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The contention that people purchased SUVs as "get-away-from-[the]-Negroes" vehicles is ridiculous and racist (Jim Washburn's "Rodney King for a Day," April 26). I bought my SUV because it is constructed better than the vast majority of cars; the body does not dent when I press on it with my thumb; the engine lasts more than 250,000 miles; I can haul cargo or a large number of people; my knees are not in my chest while I drive; and if I am in an accident, I will be more likely to survive. To purchase my SUV, I work more than 60 hours per week and pay income taxes more than 50 percent to maintain my elite status of "professional"—a classification to which Washburn also seems to object. In addition, I saved my money for years and purchased an older SUV, as the price was lower. So, Mr. Washburn, tell me, do you object to the fact that I work hard for what I have? Do you object that I have a choice in what I purchase? Do you object that I am white, a professional or both?

Mark Nelson
via e-mail Jim Washburn responds:Look, I was making a vast generalization—there are obviously many people for whom an SUV serves a practical purpose, for going off-road a lot or hauling mighty widgets or Kennedy-sized broods. Maybe you are one of them. But I was pondering the vast number of SUV drivers you typically see on pavement—sans widgets or broods—occupying an obscene amount of road, blocking other drivers' views, and driving like they're the only people in society who matter. Bless you, steel-encased person, if you are not one of them, though I would point out that your touted increased likelihood of accident survival comes at the cost of making it much less likely that the other party would survive an accident. SUVs also consume more and pollute more, which I think tends to support my notion that the drivers are not active participants in their culture because if they were, they might give a flying fuck about that. Maybe people buy SUVs because all their suburban neighbors are, or because they're scared of earthquakes, or because they're compensating for dinky dicks, but I hold to my belief that many SUV sales are fear-driven, to folks who see them as Instant White Flight vehicles. And, yes, I object to your being white. See what you can do about that, please.

It's not often I side with management over labor, but the Crowne Plaza hotel has every right to demand valid Social Security numbers from employees (Nick Schou's "Check Out," April 19). If this means illegal immigrants lose their jobs, so be it. How ironic that these illegal immigrants now seeking to improve their lot via organizing proved to be the demise of previous unions in janitorial services, meat-packing and drywall installation in the 1980s and '90s. What goes around comes around.

Randle C. Sink
Brea Nick Schou responds: Nothing in my article stated that hotels don't have the right to fire illegal immigrants; in fact, I quote union officials saying that the hotels do have this right. My article had nothing to do with the janitors union—but since you brought it up, that union is stronger than ever and has actually won better wages for its members. When it comes to the demise of labor unions, there's plenty of blame to go around.

Thanks for doing an article about Tazumal, the most kick-ass death metal band here in Orange County (Gustavo Arellano's "Too Loud to Ignore," April 19). I saw them at the Unitarian gig, and they gave one of the best shows I've seen in a long time. Finally there is a band whose music and lyrics are equally powerful and compelling. They're just the kick in the ass that we OC Xicanos need to spring us into action. Keep hitting 'em hard, Tazumal!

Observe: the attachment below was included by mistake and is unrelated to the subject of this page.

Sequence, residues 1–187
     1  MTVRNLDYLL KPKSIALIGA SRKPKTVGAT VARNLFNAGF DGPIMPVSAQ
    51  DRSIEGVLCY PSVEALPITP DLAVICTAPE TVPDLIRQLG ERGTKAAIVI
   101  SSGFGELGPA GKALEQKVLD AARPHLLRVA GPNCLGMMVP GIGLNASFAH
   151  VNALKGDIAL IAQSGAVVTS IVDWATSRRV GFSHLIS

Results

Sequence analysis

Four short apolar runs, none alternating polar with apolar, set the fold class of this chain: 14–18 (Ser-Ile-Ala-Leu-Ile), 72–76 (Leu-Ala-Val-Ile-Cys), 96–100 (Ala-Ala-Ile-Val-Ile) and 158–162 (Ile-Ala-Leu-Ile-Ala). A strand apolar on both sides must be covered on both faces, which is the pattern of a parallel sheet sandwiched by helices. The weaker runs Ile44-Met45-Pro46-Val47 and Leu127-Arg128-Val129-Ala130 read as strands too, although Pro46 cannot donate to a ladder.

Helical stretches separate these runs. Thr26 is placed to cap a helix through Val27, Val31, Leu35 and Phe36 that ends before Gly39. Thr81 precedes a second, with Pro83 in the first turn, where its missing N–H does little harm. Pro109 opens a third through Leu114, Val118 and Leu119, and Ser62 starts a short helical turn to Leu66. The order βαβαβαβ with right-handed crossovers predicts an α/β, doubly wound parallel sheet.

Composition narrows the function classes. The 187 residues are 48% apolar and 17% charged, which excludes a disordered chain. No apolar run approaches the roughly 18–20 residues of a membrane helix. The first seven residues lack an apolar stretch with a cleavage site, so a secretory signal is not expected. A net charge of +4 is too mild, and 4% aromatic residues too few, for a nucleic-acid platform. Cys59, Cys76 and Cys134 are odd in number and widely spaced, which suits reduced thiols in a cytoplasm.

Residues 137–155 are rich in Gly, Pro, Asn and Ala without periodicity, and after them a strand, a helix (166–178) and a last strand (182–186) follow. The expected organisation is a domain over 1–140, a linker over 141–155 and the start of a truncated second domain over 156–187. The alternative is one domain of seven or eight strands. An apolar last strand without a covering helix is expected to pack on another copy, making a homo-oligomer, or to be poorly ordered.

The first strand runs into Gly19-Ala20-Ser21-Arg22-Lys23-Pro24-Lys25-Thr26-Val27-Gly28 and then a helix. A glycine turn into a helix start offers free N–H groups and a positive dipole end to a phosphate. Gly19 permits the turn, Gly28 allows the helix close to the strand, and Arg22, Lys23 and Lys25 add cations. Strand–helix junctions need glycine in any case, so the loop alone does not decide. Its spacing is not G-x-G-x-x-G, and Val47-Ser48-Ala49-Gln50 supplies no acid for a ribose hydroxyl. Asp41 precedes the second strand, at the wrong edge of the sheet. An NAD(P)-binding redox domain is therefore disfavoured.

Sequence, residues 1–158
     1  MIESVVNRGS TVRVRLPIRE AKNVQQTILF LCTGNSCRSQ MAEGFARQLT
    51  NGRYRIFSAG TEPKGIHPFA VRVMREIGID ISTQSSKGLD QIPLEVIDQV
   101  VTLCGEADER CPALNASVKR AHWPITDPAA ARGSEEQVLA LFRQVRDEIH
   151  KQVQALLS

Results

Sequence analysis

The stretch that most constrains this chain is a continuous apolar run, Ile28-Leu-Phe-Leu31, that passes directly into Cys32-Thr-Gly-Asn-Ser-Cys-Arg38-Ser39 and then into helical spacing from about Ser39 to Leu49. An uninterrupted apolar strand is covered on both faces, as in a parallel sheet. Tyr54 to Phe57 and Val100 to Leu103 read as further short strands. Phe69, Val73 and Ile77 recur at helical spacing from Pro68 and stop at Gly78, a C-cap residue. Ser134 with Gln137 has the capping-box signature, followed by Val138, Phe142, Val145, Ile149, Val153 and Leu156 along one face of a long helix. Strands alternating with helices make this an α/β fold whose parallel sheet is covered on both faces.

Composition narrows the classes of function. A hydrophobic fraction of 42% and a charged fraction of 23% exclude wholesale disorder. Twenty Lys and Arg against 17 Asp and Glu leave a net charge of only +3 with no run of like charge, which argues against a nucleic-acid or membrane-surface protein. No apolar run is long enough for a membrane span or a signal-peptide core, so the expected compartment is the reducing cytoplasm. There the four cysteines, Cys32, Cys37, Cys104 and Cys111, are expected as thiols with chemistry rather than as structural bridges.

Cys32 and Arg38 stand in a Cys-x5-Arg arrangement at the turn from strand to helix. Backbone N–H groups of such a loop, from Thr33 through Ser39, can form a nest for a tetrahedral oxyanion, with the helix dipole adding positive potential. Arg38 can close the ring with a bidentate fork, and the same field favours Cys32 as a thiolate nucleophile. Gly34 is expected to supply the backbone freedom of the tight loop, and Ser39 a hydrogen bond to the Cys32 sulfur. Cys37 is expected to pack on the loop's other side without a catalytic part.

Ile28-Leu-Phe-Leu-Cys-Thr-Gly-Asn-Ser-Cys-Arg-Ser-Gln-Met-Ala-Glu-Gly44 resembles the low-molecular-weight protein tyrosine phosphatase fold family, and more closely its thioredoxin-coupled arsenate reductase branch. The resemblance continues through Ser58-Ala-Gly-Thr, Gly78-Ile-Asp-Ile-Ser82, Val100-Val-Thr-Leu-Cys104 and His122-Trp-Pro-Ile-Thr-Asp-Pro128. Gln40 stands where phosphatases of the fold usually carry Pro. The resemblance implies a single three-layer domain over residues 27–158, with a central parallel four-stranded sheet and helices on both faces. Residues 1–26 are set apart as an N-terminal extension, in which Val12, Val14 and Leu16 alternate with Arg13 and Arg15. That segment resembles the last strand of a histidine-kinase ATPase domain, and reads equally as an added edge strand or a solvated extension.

Rosalinda Ramirez

I attended the kickoff party for Lois Lundberg's book, The Big Orange, at the Nixon Library back in January (Anthony Pignataro's "Reading and Righting," April 19). After talking about how great Richard Nixon had been and what an embarrassment Doris Allen had been, Lois sighed about her relationship with the library's namesake and exclaimed, "I have been missing Dick for years."

Tony Bedolla
via e-mail

Thanks, Rich Kane, for remembering me—though you didn't remember the spelling of my name: it's "Caitlin," like Dylan Thomas' long-suffering wife (Locals Only's "Pickle Power!" April 26). Anyway, I am glad to see you mention my friends in the band Funhole. I am living in La Habra these days with the former lead guitar player of the band. I published a few short pieces of fiction and some movie reviews, put in organic tomatoes, got divorced, and changed my last name since we last spoke; all in all, I would say I have a life. I never claimed Funhole is or was my favorite band. They're just a hard-working group of friends who sent in CDs (despite your claim) and, like many hard-working local bands, did not get a mention in your esteemed pages (until now). I just figured they'd worked hard enough to earn a letter to the editor. It's okay. No hard feelings?

Caitlin S. Mercer
La Habra

In the April 26 story "Our DA Now Has an Attorney," we misidentified Tom Umberg's opponent during the 1994 race for state attorney general. Umberg lost to Dan Lungren.


Ignoring a company boycott of the Orange County Press Club over its failure to provide an open bar at all club events, several Weeklings surreptitiously submitted their work to the Press Club for critical review by hacks at other newspapers. Rich Kane won first place in the non-daily news category for his story on the county's Nazi rock scene, "Springboard for Hitler." R. Scott Moxley won two awards—a first and a second—for his investigations of the district attorney's office. And Alison M. Rosen was honored for "Aaaiiiiiiiiieeeeeeee," her love letter to Thomas Kinkade, Painter of Light™.


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